Italy TravelAmatrice Designated World Monuments Fund Site

Amatrice Designated World Monuments Fund Site
Published on Monday, November 6, 2017 by

Amatrice, the village in Lazio famous for its pasta sauce all’Amatriciana, has been designated a 2018 World Monuments Fund (WMF) site in the Disaster category. Amatrice was destroyed by an earthquake on August 24, 2016.

The earthquake in Amatrice caused 299 deaths and approximately 400 injuries. According to the WMF site, the mayor of Amatrice poignantly declared: “The town is no more.” More than a year later, the historic city remains uninhabited and inaccessible. Outside Amatrice, a temporary settlement has been erected out of prefabricated buildings to house displaced residents.

In total, damages to property and infrastructure from recent seismic events have been estimated at more than 20 billion euros. And while government aid was promptly announced, local communities have continuously called for more concrete steps towards recovery, which could last for years. For this reason, the 2018 World Monuments Watch is an expression of sustained international interest in the future of Amatrice.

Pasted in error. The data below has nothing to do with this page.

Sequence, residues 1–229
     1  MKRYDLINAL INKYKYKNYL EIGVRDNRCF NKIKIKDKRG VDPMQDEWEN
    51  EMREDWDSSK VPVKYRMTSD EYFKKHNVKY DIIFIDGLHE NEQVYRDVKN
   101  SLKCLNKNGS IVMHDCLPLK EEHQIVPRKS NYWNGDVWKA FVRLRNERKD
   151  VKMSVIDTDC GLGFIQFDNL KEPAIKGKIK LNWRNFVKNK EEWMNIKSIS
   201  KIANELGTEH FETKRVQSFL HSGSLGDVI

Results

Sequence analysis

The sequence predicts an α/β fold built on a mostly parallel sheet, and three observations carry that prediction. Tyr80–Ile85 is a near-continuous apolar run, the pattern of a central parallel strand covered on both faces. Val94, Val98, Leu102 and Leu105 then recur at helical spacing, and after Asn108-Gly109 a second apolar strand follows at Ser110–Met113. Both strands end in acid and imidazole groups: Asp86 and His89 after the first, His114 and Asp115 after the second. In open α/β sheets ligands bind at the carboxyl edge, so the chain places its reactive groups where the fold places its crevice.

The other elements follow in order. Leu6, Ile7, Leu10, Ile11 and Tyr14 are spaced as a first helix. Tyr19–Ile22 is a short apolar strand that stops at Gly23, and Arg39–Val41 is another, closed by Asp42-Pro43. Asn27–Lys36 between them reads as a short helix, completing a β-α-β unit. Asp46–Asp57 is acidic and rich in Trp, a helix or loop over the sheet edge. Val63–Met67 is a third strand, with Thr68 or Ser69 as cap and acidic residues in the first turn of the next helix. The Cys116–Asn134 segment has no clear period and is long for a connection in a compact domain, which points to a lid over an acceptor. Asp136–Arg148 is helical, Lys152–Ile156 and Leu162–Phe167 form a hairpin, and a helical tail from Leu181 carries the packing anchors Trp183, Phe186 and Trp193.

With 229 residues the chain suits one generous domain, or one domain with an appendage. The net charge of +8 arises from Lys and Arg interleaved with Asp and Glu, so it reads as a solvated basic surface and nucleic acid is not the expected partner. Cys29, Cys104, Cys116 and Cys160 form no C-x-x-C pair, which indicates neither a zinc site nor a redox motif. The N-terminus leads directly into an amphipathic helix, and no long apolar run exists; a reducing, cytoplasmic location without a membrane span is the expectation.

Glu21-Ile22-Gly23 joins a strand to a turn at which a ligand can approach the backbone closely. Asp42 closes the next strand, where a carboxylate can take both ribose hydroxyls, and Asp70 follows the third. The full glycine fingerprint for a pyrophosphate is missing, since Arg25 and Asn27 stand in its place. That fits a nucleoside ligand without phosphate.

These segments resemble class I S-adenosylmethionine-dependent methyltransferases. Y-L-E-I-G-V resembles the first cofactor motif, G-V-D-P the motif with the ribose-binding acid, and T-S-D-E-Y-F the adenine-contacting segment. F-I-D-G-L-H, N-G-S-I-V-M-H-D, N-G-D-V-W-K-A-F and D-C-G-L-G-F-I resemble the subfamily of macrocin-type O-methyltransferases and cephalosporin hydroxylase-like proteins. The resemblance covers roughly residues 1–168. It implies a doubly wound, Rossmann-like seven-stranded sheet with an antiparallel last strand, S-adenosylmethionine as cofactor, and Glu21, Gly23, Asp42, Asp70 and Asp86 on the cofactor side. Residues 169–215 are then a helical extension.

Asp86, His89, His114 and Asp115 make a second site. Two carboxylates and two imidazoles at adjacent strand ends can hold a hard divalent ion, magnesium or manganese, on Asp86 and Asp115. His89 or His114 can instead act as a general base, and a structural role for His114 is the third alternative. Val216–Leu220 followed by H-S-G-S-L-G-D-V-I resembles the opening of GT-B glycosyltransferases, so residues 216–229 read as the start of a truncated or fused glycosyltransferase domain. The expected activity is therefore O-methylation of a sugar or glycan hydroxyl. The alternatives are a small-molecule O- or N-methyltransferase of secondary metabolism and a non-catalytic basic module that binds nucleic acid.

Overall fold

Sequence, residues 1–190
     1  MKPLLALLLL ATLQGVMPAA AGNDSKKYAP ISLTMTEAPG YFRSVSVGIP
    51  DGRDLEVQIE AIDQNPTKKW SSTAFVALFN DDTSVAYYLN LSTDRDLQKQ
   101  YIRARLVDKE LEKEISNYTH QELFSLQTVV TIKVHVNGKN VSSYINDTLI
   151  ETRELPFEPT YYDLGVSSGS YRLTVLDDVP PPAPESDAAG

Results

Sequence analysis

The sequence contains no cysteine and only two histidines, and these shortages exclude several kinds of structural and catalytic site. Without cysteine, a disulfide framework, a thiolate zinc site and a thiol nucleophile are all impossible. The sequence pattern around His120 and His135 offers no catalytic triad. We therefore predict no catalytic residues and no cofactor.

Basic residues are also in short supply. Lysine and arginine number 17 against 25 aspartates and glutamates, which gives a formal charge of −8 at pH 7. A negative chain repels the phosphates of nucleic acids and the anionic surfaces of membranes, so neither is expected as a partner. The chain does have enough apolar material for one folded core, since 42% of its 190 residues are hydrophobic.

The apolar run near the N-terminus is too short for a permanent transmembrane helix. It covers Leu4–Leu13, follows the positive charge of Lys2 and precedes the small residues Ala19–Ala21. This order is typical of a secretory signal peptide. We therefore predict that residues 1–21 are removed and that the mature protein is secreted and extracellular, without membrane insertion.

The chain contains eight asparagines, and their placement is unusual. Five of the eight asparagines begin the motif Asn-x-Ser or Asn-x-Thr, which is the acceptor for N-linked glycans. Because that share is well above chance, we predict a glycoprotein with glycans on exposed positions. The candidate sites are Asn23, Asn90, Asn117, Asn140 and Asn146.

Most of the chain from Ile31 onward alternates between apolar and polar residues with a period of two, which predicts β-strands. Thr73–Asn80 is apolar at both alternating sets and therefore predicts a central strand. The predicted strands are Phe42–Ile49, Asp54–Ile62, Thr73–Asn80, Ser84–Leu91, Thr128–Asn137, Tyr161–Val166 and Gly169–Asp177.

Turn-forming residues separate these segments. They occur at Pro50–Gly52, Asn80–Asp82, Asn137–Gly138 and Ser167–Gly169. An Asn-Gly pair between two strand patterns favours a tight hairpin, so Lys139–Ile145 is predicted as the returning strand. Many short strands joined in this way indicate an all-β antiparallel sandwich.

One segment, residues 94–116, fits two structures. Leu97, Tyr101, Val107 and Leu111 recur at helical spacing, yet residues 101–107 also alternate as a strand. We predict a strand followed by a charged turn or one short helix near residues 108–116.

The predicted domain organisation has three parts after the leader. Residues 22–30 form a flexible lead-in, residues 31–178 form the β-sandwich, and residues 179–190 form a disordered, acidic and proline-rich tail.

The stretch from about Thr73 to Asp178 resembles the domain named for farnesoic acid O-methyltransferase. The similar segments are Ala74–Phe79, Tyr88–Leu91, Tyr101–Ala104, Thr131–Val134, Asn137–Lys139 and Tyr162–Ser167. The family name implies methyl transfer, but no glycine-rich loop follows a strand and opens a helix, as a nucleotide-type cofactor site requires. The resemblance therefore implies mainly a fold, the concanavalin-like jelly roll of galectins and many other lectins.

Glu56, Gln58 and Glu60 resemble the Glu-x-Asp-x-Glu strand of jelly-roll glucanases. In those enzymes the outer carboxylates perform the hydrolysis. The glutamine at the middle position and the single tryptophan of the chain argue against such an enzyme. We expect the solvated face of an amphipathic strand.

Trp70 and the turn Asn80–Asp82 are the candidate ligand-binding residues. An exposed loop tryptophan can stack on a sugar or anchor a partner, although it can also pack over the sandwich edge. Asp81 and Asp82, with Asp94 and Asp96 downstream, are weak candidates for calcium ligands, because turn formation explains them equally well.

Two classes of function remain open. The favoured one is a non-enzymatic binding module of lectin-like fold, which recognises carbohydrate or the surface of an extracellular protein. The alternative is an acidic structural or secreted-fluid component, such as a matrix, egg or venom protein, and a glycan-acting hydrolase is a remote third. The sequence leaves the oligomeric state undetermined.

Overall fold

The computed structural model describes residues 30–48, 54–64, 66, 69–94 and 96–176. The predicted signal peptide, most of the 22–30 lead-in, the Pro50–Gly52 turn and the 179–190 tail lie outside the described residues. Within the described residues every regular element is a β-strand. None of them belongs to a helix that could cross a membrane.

In Amatrice, although most of the town’s buildings collapsed, the bell tower of the medieval church of Sant’Emidio survived, an emblem of hope and resilience amid the devastation. Since 2002, the church of Sant’Emidio had housed the city’s museum, named after Cola Filotesio, a Renaissance artist from Amatrice. Much of the museum’s collection was salvaged thanks to emergency responders, but the ruined remains of the building now require structural stabilization and sheltering.

As people around the world debate the future reconstruction of this and other buildings, the 2018 WMF Watch is also a reminder of the need for better disaster prevention and preparedness. That includes retrofitting historic buildings to render them more resistant to earthquakes, even as knowledge of the best methods to use continually evolves. It also includes compiling accurate inventories of all heritage assets and engaging in emergency planning, for when disaster strikes.

Other places on this year’s WMF list include 1980 Sirius public housing in Sydney, Australia; the Matobo Hills Cultural Landscape in Zimbabwe, Africa; and the Elihavu Hanavi Synagogue in Alexandria, Egypt, among others for a total of 25 sites that were selected from 150 possible locations.

By Kathy McCabe

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